• This is a partial transcript from "Your World with Neil Cavuto", March 10, 2004, that was edited for clarity.

    Watch "Your World w/Cavuto" weekdays at 4 p.m. and 1 a.m. ET.

    NEIL CAVUTO, HOST: A big invention doesn’t always mean big bucks, but pair of catchy idea with one of the nation’s biggest office supply chains, and your chances for success go up a lot. I’ve got to hand it to my next guest for doing just that.

    Joining me now is Michael Miles. He is the chief operating officer over at Staples. And the winner of Staples’ Invention Quest, Todd Basche.

    Todd, what did you come up with here?

    TODD BASCHE, INVENTION QUEST WINNER: Well, it is a combination lock that allows you -- kids or adults -- to set the combination using words, instead of numbers.

    CAVUTO: Can we get a close-up of this? I don’t know, Peter, if you can see this here, but it’s a really wild thing. You just have a word spelled out here.

    BASCHE: Right.

    CAVUTO: It is so simple. I should have come up with this. What the heck was I thinking.

    BASCHE: You should have.

    CAVUTO: And so that intrigued you? You thought it was brilliant, right?

    MICHAEL MILES, COO, STAPLES (SPLS): Absolutely. At Staples, we make office products easy, and we are always looking for new products to make our customers’ lives easy. We had this Invention Quest that we launched this year, and came up with 8,300 different ideas for office products or other things to make life easy. Todd’s won after a rigorous competition which saw 12 finalists come here to New York.

    CAVUTO: So it wasn’t like a "Survivor" deal, was it? That he killed off the other...

    MILES: No, but the judging was pretty rigorous.

    CAVUTO: Was it really?

    BASCHE: Indeed, yes.

    CAVUTO: What do you get for this?

    BASCHE: Well, there was a cash award of $25,000. And really, a tremendous amount of satisfaction of actually thinking something in your head and having it come all the way to market. I mean, that is really the exciting part.

    CAVUTO: Yes, 25,000, that’s nice. But do you get a percentage of the sales?

    BASCHE: Well, that is still to be worked out with Staples about trying to make it be a real product.

    CAVUTO: Because, Todd, this is brilliant. You know, if I were your agent here, you’ve got to work something here. No offense to Michael, but you’ve got work something here.

    So he’s on to something big...

    MILES: We’re very excited about selling it. And there are a number of other ideas.

    CAVUTO: But you are the sole distributor for this, right?

    MILES: that’s correct. We have exclusive rights as a part of this, and we think we can make a big product out of this, and as well some of the other products that came out.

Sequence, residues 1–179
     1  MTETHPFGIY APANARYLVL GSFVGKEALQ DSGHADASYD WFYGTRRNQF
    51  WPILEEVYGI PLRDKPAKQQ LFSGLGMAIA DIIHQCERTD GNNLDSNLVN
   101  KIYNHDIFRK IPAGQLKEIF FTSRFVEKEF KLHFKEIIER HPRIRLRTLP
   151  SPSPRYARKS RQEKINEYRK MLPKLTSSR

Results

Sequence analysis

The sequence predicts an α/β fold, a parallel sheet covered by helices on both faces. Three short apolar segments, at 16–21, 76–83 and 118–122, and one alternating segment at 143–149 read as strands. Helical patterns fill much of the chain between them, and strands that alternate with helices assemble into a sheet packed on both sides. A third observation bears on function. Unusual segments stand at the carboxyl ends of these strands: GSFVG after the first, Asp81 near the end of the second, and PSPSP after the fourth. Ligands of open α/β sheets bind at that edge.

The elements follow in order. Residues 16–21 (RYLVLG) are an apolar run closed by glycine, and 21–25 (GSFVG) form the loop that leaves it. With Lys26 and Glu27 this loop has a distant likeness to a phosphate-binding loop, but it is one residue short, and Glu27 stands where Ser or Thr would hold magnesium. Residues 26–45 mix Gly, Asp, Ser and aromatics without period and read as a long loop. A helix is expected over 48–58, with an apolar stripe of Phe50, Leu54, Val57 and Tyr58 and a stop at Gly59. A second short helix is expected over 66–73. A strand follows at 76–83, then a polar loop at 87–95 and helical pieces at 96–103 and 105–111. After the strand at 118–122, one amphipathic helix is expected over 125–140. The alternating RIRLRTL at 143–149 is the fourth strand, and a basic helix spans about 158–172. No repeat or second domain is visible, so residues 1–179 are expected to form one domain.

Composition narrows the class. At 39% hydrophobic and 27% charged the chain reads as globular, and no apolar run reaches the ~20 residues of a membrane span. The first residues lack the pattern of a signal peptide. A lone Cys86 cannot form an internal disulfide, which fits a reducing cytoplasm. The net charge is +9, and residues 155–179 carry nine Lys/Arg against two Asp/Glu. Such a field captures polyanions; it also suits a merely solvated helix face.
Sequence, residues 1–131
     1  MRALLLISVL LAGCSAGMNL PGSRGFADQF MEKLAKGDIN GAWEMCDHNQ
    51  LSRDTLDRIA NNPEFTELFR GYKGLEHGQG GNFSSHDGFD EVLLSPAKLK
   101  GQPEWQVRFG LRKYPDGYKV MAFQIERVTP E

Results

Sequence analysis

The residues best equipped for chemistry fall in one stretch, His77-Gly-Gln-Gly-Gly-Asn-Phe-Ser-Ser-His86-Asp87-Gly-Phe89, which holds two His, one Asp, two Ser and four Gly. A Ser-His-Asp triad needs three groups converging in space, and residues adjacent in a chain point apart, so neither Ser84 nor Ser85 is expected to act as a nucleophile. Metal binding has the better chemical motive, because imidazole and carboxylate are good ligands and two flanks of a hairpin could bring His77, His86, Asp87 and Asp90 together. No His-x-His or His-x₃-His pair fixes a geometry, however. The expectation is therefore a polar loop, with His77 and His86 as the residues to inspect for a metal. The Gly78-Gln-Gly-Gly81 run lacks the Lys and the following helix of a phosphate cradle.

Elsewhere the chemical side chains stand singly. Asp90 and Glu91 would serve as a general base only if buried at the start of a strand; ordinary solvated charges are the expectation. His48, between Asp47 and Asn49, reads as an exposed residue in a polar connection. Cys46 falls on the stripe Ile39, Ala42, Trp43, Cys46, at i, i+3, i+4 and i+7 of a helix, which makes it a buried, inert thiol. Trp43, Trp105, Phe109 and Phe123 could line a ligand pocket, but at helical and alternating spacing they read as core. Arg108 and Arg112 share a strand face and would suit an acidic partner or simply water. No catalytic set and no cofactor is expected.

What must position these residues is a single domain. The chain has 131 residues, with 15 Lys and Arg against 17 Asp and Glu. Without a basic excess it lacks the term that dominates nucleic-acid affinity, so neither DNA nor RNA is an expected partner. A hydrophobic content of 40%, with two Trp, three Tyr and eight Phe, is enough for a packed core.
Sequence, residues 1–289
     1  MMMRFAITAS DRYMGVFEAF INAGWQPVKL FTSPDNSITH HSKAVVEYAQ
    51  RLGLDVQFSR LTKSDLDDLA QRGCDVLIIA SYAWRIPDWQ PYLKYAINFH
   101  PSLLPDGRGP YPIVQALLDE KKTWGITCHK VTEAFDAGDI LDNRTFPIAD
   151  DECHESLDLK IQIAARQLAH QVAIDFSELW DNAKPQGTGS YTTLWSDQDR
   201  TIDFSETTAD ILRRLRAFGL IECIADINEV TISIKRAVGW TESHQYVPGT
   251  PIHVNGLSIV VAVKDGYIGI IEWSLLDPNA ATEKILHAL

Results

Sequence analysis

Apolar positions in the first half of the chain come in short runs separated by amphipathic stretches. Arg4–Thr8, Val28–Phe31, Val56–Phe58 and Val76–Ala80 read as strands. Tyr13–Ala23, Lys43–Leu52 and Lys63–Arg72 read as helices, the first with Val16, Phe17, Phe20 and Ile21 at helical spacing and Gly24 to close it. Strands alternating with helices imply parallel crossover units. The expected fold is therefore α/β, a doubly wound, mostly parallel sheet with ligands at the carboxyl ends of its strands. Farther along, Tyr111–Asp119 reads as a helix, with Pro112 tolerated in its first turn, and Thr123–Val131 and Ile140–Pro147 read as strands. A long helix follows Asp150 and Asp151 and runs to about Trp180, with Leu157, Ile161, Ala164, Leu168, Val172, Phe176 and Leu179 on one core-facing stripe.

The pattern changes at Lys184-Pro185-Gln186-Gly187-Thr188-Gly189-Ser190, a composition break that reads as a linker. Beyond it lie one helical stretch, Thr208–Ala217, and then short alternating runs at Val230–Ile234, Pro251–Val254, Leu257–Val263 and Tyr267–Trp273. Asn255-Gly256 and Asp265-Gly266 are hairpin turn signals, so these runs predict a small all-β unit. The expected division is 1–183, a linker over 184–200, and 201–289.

CAVUTO: How much would you sell that for?

    MILES: I’m not sure what the product cost of that will be. Have you thought through that yet?

    BASCHE: Yes, the product cost is actually identical to any other combination lock. So you can charge a premium for it if you want to and still make the same gross margins.

    CAVUTO: OK. And you would get some gross margins.

    MILES: He has it all figured out.

    CAVUTO: Todd figured this all out, but he’s just not going to discuss it here. But he’s figured it all out.

    Well, Michael, it is a good idea and smart marketing idea for Staples, because you send people this reminder that Staples has new and different stuff.

    MILES: Sure.

    CAVUTO: Did you fear that maybe between you and Office Depot that the office supply segment was kind of getting exhausted? You needed a fresh idea? What?

    MILES: Oh, no. We have seen a lot of growth in office supplies. But I think what you are looking for and what we are looking for is always a reason to come to Staples, as opposed to one of the competition. A reason to drive by. And having unique and different products, in addition to being the easiest place to buy office supplies, is a key part of our strategy.

    CAVUTO: Indeed. I think you have had, what, nine straight quarters of growing at, at least 12 percent...

    MILES: Plus-20 percent. Yes, sir.

    CAVUTO: Todd, let me ask you this, how have the other contestants, if you call them that, been treating you?

    BASCHE: Well, like I say, the Staples Invention Quest was really a wonderful contest. It really reached out to all of America to try to get sort of the brightest people to come and submit ideas. And it was really a terrifically well-run process.

    Several of them we had dinner with last night as part of the event. We are actually taking one of the other couples out to dinner as part of it.